Closing a bank account can be a straightforward process if you handle it with care. If not, you could incur fees from the bank and other sources. The process can be instant or might take a few weeks, depending on the transactions linked to your account.
Opening a New Account
If you plan to move your money to a different bank, open an account there before you close the current one. Transfer some money into this account but leave enough in the account you plan on closing to cover any outstanding checks or scheduled payments that have yet to process. You can go to the bank to withdraw the money, or use an electronic transfer.
Recurring Automated Payments and Income
Cancel any automatic payments you have set up on your accounts, and transfer these to your new account. Wait for one billing cycle to ensure that payments have been successfully transferred to the new account before you proceed with completely closing the old one.
If you receive automatic payments to your account, such as from your employer or Social Security, contact the payers and provide your new account details. Check your new account for your next payment when it is due, to ensure the transition has been successful.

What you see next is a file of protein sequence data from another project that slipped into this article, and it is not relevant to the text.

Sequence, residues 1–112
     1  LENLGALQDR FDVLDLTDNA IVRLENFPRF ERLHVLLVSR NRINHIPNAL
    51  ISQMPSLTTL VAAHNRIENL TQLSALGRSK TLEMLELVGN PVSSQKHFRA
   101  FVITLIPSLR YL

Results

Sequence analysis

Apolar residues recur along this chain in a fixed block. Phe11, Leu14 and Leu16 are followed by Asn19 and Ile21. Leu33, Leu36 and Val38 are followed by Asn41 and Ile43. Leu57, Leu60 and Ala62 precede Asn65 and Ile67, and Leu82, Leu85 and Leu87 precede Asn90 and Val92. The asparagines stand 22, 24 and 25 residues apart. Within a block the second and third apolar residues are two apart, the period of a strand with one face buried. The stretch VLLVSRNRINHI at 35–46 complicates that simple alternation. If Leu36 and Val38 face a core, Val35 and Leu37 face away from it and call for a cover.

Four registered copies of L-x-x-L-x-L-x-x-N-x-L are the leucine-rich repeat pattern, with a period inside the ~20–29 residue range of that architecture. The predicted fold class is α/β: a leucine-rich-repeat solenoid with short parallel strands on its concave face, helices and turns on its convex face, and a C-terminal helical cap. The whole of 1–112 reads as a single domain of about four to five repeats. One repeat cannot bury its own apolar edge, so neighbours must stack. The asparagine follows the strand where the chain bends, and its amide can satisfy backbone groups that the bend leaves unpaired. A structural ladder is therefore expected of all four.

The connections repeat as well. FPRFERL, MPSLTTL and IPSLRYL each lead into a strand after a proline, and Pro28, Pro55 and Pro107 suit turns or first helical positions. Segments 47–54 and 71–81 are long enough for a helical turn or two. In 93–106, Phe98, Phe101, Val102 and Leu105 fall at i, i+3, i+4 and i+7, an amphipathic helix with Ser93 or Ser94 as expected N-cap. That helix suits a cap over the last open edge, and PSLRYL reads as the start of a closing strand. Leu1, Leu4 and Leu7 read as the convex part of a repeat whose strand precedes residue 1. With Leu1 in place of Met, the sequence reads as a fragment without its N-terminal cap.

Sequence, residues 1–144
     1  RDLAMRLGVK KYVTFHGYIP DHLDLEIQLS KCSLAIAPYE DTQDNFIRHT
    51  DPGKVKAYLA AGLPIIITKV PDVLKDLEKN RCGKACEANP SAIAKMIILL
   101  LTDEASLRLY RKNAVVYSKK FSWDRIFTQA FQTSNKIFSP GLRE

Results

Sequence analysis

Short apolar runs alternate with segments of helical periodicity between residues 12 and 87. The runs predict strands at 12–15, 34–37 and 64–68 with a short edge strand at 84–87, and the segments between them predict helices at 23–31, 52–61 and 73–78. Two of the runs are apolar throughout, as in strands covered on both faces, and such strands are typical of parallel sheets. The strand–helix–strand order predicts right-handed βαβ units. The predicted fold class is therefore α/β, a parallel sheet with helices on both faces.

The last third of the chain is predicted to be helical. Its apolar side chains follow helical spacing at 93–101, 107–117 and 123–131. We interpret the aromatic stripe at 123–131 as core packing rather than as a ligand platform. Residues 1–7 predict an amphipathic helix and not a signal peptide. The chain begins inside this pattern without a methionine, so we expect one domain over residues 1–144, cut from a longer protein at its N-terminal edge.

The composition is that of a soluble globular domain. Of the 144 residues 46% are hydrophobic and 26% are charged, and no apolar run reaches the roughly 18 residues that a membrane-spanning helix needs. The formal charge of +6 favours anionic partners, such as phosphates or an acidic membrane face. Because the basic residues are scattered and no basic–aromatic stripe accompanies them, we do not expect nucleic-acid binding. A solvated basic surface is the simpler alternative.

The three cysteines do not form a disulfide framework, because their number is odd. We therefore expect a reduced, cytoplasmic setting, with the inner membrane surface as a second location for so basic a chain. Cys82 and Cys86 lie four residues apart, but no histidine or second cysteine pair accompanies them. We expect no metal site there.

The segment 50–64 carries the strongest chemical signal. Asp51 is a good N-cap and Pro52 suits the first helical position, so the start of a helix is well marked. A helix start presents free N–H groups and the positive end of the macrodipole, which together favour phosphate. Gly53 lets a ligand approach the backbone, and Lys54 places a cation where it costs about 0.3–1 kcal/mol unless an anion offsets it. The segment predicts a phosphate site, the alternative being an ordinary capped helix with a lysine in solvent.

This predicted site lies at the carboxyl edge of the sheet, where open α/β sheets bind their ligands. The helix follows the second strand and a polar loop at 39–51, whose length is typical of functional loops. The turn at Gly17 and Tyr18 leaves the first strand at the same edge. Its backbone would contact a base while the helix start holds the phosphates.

Closing the Account
Visit the bank and inform a representative that you are closing your account. Depending on the bank, you might have to sign a closure document to this effect. The representative will give you a check or cash for any remaining balance. You also may withdraw the balance before this meeting if you prefer.
Some banks allow customers to close their accounts online, especially if they were opened online. If your bank allows this, send a message to customer service formally closing the account, and ask for any balance to be sent to you by mail in the form of a check. It could take from 5 to 10 business days to receive the funds, depending on the bank.
Some banks will reopen your account if a deposit or request for payment comes in. The bank can charge you for insufficient funds for the latter. You can ask the representative for a letter stating that the account has been closed to prevent this from happening. This letter might also help you avoid possible problems with any creditor that attempts to collect payment from the account.
Many banks charge a fee for closing a checking or savings account that is less than three months old. There might be longer maturity specifications for other types of bank accounts, such as a CD account that must be active for a year or more. Check with your bank to determine the best time to close yours.